Using this information, BBIS Director Devron Veasley conducts a financial ratio analysis for each of the incubator’s 21 clients and compares the results to industry standards (as determined by Risk Management and Associates, formerly Robert Morris and Associates). The process is designed to determine how the financial health of a client compares with that of other businesses in a particular industry.
“Banks and other financial institutions use RMA ratios to evaluate the strength of a business, so I try to prepare my tenants for that,” Veasley says. “Also, a financial ratio analysis can sometimes catch problems – inefficiencies, funding needs, etc. – before they become too big to handle.” If a company’s financial ratios are out of line with its industry, Veasley – the incubator’s only business development staff member – meets with the client to discuss why the ratios are out of sync and what it might need to do to bring them back in line.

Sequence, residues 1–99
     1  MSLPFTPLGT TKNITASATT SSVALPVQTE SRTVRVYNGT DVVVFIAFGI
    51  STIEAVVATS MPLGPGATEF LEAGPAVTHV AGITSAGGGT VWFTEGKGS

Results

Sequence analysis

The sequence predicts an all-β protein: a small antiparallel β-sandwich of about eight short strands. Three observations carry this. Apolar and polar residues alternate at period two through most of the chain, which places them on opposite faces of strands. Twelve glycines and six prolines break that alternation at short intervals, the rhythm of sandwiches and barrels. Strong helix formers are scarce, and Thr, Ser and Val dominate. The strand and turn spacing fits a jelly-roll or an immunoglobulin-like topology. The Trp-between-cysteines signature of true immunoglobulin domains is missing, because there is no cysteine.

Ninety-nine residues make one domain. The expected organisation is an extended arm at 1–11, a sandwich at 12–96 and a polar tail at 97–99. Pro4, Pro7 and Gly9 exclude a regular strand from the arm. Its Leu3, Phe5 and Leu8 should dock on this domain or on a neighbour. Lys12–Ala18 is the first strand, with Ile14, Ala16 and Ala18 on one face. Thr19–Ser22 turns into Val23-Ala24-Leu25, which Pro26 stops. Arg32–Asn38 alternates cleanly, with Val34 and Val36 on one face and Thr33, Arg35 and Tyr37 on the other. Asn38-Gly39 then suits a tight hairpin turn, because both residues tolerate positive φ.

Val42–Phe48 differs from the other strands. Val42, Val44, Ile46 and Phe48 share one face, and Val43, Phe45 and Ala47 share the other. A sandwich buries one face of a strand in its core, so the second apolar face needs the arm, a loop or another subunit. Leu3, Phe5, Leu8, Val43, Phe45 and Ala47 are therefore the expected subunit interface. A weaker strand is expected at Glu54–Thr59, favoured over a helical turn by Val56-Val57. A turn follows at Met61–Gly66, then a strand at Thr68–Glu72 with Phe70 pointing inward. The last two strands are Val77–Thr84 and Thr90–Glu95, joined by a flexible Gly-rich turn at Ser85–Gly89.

Veasley believes that formally gauging the financial strength of a business is an important first step in helping the client become a successful graduate. “If something in their financials raises a red flag, you can see what types of changes might need to be made,” Veasley says. But if an incubator doesn’t track client progress formally or on a regular basis, neither the incubator nor the start-up might recognize the problem until it’s too late.